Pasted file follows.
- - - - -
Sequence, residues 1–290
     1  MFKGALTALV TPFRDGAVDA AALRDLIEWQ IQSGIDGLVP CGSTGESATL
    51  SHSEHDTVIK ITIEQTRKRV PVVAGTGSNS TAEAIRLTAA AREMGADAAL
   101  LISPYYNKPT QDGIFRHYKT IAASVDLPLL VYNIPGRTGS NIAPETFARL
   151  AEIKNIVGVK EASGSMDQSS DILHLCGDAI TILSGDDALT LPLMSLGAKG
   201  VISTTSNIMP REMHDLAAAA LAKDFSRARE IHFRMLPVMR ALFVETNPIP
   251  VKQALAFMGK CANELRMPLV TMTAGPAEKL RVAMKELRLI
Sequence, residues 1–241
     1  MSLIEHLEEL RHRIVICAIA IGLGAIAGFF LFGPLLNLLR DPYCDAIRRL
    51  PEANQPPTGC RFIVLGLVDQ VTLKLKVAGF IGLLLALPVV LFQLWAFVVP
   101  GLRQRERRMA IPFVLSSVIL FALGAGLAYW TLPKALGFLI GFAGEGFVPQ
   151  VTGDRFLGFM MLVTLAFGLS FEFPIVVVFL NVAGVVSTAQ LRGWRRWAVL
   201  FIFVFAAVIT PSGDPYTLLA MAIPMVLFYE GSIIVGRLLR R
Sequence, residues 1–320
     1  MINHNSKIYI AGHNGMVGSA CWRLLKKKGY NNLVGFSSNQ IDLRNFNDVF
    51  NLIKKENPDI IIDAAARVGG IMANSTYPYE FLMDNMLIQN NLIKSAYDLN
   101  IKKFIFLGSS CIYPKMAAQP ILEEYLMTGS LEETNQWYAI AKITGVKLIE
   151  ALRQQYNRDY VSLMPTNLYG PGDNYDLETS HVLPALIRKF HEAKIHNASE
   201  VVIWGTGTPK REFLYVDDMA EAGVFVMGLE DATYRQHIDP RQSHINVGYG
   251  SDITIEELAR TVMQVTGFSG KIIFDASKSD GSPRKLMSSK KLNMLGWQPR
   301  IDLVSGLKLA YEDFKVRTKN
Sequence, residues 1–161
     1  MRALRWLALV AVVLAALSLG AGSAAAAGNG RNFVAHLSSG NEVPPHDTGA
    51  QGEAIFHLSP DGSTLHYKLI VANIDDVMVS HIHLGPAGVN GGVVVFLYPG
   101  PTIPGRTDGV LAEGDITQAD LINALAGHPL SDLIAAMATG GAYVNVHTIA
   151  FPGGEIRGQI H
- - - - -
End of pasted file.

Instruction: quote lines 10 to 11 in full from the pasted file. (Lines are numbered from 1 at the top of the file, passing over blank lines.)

    51  PEANQPPTGC RFIVLGLVDQ VTLKLKVAGF IGLLLALPVV LFQLWAFVVP
   101  GLRQRERRMA IPFVLSSVIL FALGAGLAYW TLPKALGFLI GFAGEGFVPQ